Worldwide, the status of hemp oil varies. Some countries have thriving markets, others have barely a drop of the stuff in local stores. For that reason, it’s hard to get a handle on hemp oil usage across the entire planet, and statistics from just one country can give people a skewed impression of just how popular (or not) hemp products are. However, new regulation and growing public support over in the UK could position the country as an early pioneer – a safe, well-documented hemp oil producer.
There are a few things we can tell straight away. The UK market for hemp oil is £300m (about $390m), a figure that has ballooned from virtually zero in just three years. According to consumer watchdog Which?, that number means the hemp industry is larger than the industry that produces vitamin C and D. Around 1.3m people in the UK use some kind of hemp-based product today, and the country is currently the world leader in the production of medical versions of hemp, growing 95 tonnes in 2016.
The growing public appeal of hemp products largely comes from a re-branding effort. Hemp oil is increasingly marketed (and understood) as a health food item or similar mundane product. Vape sticks, beauty products, tea and even tinctures with unique flavors, such as the popular Passion Fruit strain, are all available on the high street or online in the UK. The newly-open attitude is helping to change public perception of hemp and hemp products from the all-fearing attitudes of the mid-20th century to something more akin to kale.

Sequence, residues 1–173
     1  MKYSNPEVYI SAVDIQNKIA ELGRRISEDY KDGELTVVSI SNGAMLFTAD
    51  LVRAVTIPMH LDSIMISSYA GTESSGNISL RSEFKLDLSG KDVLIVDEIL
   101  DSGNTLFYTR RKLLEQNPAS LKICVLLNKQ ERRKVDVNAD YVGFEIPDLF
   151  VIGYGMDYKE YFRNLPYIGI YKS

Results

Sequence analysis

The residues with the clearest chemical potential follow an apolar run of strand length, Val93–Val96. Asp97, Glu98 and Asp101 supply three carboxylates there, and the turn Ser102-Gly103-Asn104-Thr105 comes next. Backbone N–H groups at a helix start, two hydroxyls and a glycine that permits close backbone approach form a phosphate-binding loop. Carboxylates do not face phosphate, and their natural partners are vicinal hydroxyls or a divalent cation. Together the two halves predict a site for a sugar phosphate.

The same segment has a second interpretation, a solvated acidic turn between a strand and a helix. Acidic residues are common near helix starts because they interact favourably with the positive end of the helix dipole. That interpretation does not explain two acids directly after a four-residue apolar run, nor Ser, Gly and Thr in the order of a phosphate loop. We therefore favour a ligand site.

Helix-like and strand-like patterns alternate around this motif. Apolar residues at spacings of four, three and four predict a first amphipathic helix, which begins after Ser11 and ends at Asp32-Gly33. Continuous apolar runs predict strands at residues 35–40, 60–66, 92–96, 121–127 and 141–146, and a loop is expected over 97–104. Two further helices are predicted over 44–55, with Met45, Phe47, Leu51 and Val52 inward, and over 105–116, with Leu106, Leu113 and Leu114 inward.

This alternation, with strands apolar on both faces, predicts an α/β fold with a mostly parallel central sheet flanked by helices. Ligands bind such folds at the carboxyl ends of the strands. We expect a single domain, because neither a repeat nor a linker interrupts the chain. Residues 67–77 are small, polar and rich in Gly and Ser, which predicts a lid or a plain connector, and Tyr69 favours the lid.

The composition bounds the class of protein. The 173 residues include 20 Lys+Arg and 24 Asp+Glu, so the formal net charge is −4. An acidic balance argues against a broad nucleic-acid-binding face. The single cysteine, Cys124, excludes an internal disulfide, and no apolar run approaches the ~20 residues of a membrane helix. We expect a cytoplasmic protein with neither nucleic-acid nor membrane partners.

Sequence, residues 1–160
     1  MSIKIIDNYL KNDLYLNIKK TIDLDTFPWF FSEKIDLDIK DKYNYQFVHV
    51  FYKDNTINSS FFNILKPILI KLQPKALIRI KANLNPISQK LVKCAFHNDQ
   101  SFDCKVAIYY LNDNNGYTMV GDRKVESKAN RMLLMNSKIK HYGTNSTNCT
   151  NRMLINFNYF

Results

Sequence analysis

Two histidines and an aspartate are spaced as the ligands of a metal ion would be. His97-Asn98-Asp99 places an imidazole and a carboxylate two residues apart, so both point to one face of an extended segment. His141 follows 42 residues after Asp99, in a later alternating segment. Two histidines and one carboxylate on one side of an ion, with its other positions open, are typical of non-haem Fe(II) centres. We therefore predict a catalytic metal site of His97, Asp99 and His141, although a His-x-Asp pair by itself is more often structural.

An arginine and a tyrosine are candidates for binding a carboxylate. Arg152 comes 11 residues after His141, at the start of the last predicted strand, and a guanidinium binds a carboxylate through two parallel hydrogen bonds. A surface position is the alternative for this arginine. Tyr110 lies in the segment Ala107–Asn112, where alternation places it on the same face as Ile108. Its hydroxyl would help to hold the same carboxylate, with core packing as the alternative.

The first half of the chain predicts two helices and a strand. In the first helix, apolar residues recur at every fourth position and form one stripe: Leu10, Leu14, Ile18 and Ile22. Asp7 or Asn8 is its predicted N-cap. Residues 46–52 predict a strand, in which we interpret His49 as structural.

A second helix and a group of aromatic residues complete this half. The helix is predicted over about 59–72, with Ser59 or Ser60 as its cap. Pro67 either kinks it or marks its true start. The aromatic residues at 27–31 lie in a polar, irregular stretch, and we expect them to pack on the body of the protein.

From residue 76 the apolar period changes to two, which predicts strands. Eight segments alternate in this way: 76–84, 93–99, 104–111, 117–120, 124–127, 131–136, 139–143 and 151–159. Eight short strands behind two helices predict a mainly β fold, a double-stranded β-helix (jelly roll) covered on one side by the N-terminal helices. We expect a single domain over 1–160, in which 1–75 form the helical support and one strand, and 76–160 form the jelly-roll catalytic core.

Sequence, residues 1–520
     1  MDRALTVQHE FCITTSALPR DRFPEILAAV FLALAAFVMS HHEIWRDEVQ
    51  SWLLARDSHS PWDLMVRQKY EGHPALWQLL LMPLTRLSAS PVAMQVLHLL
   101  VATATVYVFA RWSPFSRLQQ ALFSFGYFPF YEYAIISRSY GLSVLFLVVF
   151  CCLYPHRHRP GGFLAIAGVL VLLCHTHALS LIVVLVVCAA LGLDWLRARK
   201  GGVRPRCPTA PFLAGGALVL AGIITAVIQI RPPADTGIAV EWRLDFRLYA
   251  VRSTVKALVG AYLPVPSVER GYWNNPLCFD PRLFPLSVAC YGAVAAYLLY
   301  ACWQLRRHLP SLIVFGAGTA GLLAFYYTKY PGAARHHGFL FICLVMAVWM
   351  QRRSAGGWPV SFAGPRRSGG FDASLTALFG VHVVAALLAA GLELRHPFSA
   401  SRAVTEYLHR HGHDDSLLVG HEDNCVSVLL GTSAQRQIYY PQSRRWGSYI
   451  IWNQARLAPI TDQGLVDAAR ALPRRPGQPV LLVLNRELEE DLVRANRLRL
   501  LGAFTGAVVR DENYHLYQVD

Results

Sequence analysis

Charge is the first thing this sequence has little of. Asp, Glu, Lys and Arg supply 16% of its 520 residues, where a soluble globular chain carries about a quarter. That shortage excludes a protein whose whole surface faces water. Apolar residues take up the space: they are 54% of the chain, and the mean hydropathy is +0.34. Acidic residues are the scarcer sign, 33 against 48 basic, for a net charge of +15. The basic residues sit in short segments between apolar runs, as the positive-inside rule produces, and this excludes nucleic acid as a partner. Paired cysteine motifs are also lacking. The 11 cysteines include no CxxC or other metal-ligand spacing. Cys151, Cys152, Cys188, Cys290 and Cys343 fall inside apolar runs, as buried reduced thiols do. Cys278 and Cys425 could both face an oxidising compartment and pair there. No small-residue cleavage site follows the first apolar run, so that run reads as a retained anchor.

Worldwide, online magazine GQ claims that spending on hemp oil products will climb to £47bn before the end of the next decade. However, the exploding popularity of hemp items has occurred beneath the sight of confused and under-resourced regulators, who have done little so far, especially in the USA. Now, though, a London-based non-profit, the CMC, wants to give the UK the best-regulated market for hemp oil in the world through a testing program and the promotion of industry chemists.
The efforts of Which? have also resulted in at least one case of clarified labeling and an exposé on just how messy the efforts of multiple half-hearted regulation attempts have been. As mentioned, hemp oil products are variously listed as a food, cosmetic, and tobacco-like products, while the European Food Standards Agency has bundled them in with “novel” foods; a type of post-1990 product that requires a special license to manufacture or sell.
The UK’s CMC is now hoping that the establishment of a quality charter will continue to foster the growth of high-quality, well-regulated products in the UK. The charter binds hemp oil manufacturers to seven “pillars” that touch on aspects like legal accountability, ethical marketing, accurate labeling, testing, and sustainability.
Hopefully, for the world’s many users of hemp items at least, history will see that many other countries followed the example set by local regulators to help keep hemp products on the same path as superfoods like kale.